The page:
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Jun 13, 2021 - Sun
Bolton United States
Wind 1 m/s, NNE
Pressure 757.56 mmHg
62°F
overcast clouds
Humidity 85%
Clouds 94%
sat06/12 sun06/13 mon06/14 tue06/15 wed06/16
74/62°F
78/62°F
64/58°F
70/61°F
69/52°F
Jun 13, 2021 - Sun
Bolton United States
Wind 1 m/s, NNE
Pressure 757.56 mmHg
62°F
overcast clouds
Humidity 85%
Clouds 94%
sat06/12 sun06/13 mon06/14 tue06/15 wed06/16
74/62°F
78/62°F
64/58°F
70/61°F
69/52°F

Forty Years Ago, Lake George’s American Henley Regatta “Was Like a Family Picnic, the Way Regattas Should be.”

On June 5, 1971, Bolton Landing hosted its first inter-collegiate rowing race since the 1880s. The fortieth anniversary of the event falls this month.

The first American Henley Regatta was held in Philadelphia in 1903, a few years after rowing became an Olympic event and on the waters where the amateur rowing began in America with the establishment of the Schulkill Navy in 1858. By 1970, the American Rowing Association was searching for a new home for the annual event.

At the same time, Lake George was looking for an event that would attract visitors and bring some publicity to the region. Competing with us for the honor of hosting the regatta was a community in Arizona, which promised to build a lake especially for the event.

A committee of Warren County businessmen, which included Adirondack Balloon Festival founder Walter Grishkot and Lake George Mirror publisher Robert Hall, was organized to make the case for Lake George. The promoters were invited to Saratoga, where they were entertained in Senator Ron Stafford’s box at the track, and then brought to Lake George to be feted aboard the Mohican.  They might have left without seeing any more of the lake had the captain of the Mohican not had the wisdom to cast off before they could go ashore. As the Mohican approached Bolton Landing, one of the promoters spotted Huddle Bay. “Is that where you propose to hold the regatta?” he asked Walt Grishkot. That hadn’t occurred to Walt, but no matter. “Absolutely,” said Walt. The promoter was still suspicious. “The lake looks awfully calm,” he said. “Is it always this calm?” “Always,” replied Walt.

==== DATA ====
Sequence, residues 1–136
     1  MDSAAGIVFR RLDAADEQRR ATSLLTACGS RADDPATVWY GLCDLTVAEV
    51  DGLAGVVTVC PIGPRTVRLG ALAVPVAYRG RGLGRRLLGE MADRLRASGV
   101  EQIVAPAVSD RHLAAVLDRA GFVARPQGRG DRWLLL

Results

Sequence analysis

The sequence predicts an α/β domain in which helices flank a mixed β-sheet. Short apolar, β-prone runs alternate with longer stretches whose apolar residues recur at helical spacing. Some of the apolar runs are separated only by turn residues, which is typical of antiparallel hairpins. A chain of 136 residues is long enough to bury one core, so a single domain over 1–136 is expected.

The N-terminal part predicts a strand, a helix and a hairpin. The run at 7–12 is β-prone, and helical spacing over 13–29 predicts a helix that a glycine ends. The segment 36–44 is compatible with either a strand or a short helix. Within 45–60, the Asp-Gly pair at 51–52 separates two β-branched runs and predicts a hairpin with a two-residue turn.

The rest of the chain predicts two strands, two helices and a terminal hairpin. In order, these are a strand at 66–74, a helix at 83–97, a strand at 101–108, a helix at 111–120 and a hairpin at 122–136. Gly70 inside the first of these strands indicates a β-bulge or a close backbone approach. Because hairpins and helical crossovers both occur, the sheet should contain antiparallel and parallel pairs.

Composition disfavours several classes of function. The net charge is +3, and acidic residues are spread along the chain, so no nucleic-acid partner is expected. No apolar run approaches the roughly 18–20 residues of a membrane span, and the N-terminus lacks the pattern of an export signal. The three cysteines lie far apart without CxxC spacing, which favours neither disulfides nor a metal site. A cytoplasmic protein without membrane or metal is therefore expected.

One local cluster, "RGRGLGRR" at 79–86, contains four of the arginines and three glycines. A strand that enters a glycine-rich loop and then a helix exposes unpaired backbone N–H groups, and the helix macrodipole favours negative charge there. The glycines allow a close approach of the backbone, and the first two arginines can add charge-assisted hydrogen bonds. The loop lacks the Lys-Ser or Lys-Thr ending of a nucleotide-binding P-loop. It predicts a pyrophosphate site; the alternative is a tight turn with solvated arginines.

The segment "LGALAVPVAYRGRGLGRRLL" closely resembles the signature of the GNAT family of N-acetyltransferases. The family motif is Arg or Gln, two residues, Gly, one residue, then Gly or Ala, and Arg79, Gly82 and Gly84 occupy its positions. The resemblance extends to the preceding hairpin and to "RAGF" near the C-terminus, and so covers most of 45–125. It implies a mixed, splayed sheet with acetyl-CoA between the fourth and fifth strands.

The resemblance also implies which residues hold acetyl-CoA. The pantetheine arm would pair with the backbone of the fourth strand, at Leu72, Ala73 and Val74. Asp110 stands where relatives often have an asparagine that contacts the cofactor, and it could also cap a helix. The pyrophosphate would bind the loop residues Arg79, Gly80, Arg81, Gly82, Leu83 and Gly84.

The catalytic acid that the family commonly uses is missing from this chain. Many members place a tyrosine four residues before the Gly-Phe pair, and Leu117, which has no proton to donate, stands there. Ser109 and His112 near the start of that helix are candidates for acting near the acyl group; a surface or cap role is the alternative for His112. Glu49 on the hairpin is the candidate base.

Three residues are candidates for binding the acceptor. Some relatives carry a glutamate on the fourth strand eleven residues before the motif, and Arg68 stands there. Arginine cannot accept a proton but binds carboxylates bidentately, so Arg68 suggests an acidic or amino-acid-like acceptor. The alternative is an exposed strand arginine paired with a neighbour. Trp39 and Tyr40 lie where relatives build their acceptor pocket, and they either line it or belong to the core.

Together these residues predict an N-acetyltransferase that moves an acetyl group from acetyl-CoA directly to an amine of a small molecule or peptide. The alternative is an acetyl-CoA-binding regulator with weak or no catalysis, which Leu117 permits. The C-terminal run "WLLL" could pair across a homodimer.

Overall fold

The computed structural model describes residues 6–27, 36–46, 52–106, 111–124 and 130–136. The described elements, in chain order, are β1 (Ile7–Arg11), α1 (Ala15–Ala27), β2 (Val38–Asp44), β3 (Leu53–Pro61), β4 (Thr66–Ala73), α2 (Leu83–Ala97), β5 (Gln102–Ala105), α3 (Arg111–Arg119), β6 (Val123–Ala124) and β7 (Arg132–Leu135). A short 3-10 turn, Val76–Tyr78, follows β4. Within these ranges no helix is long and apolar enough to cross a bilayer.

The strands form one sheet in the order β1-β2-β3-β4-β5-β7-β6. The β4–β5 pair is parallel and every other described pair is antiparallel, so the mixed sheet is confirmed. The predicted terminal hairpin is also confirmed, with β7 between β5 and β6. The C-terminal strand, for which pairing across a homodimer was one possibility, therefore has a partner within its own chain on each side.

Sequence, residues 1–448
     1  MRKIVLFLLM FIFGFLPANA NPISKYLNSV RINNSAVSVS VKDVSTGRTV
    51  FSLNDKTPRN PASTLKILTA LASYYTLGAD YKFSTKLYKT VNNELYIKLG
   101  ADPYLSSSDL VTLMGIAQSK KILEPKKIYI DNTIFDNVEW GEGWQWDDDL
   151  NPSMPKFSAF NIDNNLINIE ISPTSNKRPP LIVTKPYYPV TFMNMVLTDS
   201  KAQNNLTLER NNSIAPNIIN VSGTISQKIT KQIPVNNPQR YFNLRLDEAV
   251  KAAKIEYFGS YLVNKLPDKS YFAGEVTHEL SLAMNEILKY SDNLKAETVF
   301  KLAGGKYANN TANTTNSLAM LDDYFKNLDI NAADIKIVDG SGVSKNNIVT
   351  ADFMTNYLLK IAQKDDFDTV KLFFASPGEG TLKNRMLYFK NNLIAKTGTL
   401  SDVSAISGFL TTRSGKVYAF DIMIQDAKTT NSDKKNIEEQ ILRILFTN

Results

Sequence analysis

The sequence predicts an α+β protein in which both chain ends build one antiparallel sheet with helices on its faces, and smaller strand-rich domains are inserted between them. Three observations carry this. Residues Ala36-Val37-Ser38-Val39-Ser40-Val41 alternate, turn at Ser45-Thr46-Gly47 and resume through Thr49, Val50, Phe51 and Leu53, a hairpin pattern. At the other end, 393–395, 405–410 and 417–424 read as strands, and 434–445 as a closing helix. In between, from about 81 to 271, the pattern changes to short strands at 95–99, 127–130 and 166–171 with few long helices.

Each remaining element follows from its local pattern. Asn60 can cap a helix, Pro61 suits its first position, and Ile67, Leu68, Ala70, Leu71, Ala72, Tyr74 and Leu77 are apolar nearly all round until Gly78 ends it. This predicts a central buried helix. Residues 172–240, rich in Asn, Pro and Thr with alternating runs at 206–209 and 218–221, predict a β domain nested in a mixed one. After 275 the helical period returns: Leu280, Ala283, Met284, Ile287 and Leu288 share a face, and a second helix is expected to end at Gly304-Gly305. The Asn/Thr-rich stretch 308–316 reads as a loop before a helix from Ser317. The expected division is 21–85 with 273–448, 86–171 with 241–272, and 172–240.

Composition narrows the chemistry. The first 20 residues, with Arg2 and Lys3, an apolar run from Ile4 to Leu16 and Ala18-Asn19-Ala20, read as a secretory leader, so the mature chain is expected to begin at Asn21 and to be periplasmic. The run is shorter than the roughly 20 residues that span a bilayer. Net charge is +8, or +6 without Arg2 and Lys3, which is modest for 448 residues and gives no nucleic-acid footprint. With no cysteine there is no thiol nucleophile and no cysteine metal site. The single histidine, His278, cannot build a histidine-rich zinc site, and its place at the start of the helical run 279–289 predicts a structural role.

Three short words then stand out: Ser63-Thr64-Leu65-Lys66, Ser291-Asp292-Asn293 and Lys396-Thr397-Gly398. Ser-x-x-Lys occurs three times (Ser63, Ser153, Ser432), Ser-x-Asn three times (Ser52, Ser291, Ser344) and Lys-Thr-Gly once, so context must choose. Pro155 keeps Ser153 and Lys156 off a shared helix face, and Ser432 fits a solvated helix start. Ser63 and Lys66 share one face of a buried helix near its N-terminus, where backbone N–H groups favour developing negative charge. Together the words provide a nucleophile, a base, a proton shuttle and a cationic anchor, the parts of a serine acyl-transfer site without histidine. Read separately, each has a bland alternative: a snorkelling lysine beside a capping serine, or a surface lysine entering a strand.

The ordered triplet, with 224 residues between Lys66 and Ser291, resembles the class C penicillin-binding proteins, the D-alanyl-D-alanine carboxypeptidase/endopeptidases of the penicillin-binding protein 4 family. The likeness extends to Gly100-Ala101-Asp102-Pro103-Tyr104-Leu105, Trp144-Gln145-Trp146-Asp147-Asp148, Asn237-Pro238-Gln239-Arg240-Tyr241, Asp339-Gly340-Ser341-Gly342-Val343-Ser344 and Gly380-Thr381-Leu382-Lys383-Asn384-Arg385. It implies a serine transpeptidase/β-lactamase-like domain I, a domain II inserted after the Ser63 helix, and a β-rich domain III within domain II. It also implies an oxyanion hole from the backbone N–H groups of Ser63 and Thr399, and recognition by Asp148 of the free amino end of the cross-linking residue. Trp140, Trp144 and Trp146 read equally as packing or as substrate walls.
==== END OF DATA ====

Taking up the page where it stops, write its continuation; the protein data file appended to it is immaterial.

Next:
The regatta poster

The Bolton Chamber of Commerce agreed to sponsor the event in concert with the American Rowing Association and the Lake George Association.

That winter, the Bolton Chamber of Commerce and a battalion of Seabees from Glens Falls surveyed and laid out a course from Huddle Bay to the Sagamore Bridge. Cement anchors were laid on the ice. Volunteers cut holes in the ice and dropped the anchors into the lake. When spring came, markers were attached to the anchors.

About 400 oarsmen entered the race. Crews from Syracuse, Cornell, Columbia, Navy, Trinity, Penn, Brown were among the universities, schools and clubs competing for cups in the series of 16 races.

Thomas Kudzma, a math teacher and crew coach at Lowell Technological Institute, designed a three-color poster to publicize the event and to raise money for the Bolton Chamber of Commerce. The chamber printed 150 copies of the poster, which featured a line drawing of an 1871 regatta in Hoboken, New Jersey.

“Rowing needs every kind of boost it can get. One hundred years ago, regattas were great social and sporting occasions – an excuse for an excursion. People ought to try going to a regatta, bringing along a picnic for a pleasant, leisurely occasion. That is what the posters attempt to suggest,” said Kudzma, who later achieved a measure of fame for his posters.

“Henley-On-Lake George proves a huge success,” proclaimed the New York Times. “The entry was far bigger than expected, the weather was elegant, the regatta all but flawless. Lining the 2,000 meter course was a flotilla of about 200 boats, including the vintage Adirondack ferry, the Mohican.” Penn coach Ted Nash, whose oarsmen won most of the honors that day, told the Times,  “It was like a family picnic, the way regattas should be.”